We’ve now seen two atheist bloggers, Avijit Roy and Washiqur Rahman, hacked to death by Muslim extremists in Bangladesh in the last few weeks. A report in the Independent based on interviews with other Bengali bloggers suggests that this is just the beginning.
“Words cannot be killed”. This is the Facebook cover page of Bangladeshi blogger Washiqur Rahman. It’s a statement of solidarity with Avijit Roy, the Bangladeshi-American atheist blogger who was murdered last month in the capital of Dhaka by religious extremists.
On Monday morning, Rahman suffered a similar fate to Roy’s. He was surrounded and stabbed to death by suspected extremists while on his way to work, in the middle of a busy street. He was 27 years old.
Far from just being two random murders, these attacks are the methodical work of vigilante extremists working through a list of atheist bloggers. The list was drawn up last year when 100,000 protesters called on the government to introduce the death penalty for blasphemy. The government refused to introduce death penalty, but it did begin a crack down on the country’s free-thinking blog community. It shut down some of its most popular sites, and imprisoned bloggers accused of “offending religious feelings”. Once known as the only place where non-religious Bangladeshis could gather safely, the internet suddenly became unsafe for atheists wanting to air their views…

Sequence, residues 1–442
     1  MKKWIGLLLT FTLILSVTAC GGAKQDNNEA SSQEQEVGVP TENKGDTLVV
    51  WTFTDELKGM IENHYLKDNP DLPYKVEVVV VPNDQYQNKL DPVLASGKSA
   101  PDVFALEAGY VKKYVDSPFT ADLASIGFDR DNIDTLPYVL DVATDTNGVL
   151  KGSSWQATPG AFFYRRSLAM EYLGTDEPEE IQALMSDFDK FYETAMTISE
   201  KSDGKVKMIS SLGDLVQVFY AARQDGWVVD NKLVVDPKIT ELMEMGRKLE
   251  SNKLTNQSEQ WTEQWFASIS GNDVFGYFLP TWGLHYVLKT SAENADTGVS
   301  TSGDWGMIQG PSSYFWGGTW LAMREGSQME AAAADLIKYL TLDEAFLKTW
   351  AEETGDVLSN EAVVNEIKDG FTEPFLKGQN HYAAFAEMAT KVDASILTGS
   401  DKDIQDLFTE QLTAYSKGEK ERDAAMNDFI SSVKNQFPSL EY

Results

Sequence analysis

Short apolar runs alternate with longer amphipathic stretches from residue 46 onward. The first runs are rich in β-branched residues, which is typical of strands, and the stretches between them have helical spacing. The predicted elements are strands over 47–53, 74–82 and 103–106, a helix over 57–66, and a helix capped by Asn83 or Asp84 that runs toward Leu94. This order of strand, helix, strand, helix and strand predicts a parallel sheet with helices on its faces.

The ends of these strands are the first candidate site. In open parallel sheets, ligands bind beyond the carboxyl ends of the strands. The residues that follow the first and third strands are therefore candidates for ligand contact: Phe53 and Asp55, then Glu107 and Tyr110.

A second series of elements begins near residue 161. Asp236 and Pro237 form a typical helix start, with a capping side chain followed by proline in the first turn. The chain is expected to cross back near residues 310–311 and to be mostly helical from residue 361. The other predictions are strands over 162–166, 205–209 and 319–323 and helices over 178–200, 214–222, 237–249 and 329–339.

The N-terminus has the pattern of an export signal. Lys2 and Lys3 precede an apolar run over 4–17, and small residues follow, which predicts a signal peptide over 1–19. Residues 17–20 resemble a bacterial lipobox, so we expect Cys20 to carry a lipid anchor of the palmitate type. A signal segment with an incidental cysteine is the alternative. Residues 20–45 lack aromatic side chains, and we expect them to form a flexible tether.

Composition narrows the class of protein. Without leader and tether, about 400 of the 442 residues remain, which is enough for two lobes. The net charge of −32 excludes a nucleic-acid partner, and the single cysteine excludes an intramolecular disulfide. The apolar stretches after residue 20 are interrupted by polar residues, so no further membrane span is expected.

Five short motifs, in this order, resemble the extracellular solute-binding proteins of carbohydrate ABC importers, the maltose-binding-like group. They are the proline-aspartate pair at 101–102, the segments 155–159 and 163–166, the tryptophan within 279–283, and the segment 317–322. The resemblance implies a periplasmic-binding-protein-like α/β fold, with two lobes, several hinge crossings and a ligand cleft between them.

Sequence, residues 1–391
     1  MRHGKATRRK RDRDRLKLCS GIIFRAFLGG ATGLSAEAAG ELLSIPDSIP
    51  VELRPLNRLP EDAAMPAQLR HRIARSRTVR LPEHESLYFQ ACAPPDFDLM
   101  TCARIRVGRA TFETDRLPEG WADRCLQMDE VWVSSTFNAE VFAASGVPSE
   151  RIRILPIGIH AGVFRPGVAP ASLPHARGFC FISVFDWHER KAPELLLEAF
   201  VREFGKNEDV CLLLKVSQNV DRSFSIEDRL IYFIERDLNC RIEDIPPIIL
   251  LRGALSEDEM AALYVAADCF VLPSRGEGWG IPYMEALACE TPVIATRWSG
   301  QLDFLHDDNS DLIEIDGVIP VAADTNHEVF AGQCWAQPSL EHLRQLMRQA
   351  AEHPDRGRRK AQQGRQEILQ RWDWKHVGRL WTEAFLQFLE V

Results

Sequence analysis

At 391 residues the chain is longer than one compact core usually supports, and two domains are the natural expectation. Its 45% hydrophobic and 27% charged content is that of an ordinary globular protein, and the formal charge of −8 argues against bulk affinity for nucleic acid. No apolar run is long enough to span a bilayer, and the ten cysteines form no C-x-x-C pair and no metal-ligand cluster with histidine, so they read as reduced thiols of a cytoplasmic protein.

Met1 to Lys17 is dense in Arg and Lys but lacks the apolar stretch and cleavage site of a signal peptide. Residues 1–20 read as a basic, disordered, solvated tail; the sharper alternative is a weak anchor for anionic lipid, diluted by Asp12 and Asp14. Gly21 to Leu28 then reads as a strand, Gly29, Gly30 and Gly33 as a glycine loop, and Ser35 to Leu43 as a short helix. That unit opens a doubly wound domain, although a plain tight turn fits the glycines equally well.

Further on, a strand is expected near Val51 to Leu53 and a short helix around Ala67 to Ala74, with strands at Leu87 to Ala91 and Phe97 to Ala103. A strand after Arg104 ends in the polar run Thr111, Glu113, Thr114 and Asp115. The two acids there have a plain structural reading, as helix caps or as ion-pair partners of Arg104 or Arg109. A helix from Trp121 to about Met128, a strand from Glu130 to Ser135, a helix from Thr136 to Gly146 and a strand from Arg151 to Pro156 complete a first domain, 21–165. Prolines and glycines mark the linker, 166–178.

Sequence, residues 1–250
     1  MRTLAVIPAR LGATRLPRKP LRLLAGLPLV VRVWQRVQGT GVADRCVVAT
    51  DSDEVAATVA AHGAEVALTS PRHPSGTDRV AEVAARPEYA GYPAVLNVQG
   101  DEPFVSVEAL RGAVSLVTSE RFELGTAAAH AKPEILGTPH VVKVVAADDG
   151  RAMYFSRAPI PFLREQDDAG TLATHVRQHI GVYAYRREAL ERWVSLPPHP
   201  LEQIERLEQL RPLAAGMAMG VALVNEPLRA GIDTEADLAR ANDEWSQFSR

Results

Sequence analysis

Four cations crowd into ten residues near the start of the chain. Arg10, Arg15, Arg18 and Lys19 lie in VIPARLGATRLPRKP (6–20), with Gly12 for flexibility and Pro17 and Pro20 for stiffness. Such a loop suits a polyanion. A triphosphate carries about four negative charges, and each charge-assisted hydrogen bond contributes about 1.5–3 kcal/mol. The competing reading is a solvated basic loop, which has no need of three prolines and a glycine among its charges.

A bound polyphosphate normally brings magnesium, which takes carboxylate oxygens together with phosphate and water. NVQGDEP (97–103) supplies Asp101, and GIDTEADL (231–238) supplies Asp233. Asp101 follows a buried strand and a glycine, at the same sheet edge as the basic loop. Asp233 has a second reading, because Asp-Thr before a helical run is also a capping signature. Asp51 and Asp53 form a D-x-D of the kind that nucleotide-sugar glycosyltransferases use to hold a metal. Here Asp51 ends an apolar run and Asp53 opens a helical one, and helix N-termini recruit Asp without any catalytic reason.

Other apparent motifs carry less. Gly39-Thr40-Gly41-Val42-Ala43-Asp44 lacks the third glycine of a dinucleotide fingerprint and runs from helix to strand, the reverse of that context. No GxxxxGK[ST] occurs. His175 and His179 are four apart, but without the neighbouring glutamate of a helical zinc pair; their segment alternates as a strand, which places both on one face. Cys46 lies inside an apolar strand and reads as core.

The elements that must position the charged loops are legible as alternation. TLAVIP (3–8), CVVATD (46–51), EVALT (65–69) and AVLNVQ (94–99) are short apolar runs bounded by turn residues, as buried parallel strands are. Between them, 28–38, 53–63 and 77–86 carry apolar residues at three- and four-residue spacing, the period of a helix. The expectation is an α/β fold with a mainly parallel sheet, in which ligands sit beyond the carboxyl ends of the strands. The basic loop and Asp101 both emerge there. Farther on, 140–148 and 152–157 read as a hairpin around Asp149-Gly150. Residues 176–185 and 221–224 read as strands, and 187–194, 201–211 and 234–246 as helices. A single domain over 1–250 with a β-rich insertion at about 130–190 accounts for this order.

Roy was an atheist, but his focus was really on the importance of science and rational thought. He was careful to build consensus, and avoided criticising the Prophet Mohammad directly. Few people believed he was in immediate danger. His murder last month, also in broad daylight, sent the message to Bangladeshi atheists that no-one who challenged fundamentalism was safe…
For the blogger I spoke to, who is also on this hit-list of atheist bloggers, this all makes for a stark state of affairs. “It is very simple and clear now. I cannot put myself and my family in that risk. I cannot write”.
I’d like to see the atheist community in America come together to raise the money to get as many of these people to safety as well. Is there the will to do that?